Roger Deakins on his journey to ARRI’s large format

The celebrated cinematographer Roger Deakins CBE, ASC, BSC joins ARRI to give his feedback on ALEXA Mini LF, Signature Prime lenses, and the TRINITY stabilizer, all of which he used on director Sam Mendes’ new film, “1917.”

Oct. 8, 2019

Halfway down the Portobello Road in Notting Hill sits the Electric Cinema. One of the oldest cinemas in London, the Electric first opened its doors in 1911, survived World War Two, became a famous arthouse venue in the 1970s, and is now owned and operated by the Soho House chain. Normally off-limits as a shooting location, the management swiftly made an exception when ARRI asked if it would be possible to film an interview with Roger Deakins in the historic auditorium. Such is the respect for Deakins among film lovers.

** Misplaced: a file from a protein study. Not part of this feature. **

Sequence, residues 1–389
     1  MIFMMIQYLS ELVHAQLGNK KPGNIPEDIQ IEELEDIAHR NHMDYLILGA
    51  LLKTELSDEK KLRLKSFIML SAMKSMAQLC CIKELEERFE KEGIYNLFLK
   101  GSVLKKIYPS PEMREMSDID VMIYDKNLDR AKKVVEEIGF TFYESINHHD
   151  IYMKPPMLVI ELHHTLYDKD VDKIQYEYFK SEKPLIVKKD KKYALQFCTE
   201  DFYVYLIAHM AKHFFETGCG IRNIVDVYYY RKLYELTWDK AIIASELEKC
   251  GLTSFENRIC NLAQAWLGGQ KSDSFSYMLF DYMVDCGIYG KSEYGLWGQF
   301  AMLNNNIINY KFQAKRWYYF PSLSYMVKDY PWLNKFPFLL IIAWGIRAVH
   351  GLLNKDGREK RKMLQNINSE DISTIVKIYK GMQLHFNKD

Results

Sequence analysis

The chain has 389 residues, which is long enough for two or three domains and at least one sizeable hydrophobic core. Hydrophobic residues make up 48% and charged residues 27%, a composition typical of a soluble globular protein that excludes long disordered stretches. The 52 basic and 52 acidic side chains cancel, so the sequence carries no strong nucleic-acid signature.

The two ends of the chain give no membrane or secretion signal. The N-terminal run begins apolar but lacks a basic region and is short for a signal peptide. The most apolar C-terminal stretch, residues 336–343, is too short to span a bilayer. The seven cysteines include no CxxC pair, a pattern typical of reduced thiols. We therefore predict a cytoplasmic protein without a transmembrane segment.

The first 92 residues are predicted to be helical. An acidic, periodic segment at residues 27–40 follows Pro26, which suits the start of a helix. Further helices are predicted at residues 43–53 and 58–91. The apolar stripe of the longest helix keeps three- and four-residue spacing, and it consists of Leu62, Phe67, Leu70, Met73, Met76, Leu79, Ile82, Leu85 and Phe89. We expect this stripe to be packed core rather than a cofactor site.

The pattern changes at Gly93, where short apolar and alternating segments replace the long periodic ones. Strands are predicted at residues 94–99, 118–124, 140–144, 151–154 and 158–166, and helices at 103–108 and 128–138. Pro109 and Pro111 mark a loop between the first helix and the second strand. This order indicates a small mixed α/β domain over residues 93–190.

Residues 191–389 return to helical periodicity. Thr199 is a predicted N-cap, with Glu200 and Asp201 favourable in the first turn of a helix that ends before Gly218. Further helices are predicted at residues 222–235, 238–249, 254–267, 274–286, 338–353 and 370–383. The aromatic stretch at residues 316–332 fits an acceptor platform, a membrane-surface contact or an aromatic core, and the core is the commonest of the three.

So, not long after wrapping Sam Mendes’ highly anticipated World War One movie, “1917,” Deakins meets up with a small team from ARRI to talk about his experiences with new technology on the shoot. Accompanied by his wife, James, Deakins walks unassumingly into the theater wearing his trademark blue jeans and white button-down shirt, and chats with old friends from ARRI before sitting down for the interview.

Watch the video interview with Roger Deakins


Deakins is a career-long user of ARRI camera equipment. He started out with the ARRIFLEX 35BL 4 in the 1980s, moved on to the ARRIFLEX 535 B in the 1990s, ARRICAM in the 2000s, and made the transition to digital with ALEXA in the 2010s. His latest film, “1917,” marks another significant progression; it is Deakins’ first foray into large-format cinematography.

“The format, to me, feels more like my stills camera,” he says. “I have always been a stills photographer, really, since I was pretty young. So I feel more familiar with that format and that sort of depth of field than I do with regular [Super] 35.”